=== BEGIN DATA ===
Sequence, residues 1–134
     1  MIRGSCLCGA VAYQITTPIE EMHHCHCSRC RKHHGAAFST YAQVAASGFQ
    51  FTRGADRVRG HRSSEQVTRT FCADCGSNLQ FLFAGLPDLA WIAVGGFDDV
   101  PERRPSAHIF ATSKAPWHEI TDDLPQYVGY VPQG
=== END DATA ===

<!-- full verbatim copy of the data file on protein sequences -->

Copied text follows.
Sequence, residues 1–134
     1  MIRGSCLCGA VAYQITTPIE EMHHCHCSRC RKHHGAAFST YAQVAASGFQ
    51  FTRGADRVRG HRSSEQVTRT FCADCGSNLQ FLFAGLPDLA WIAVGGFDDV
   101  PERRPSAHIF ATSKAPWHEI TDDLPQYVGY VPQG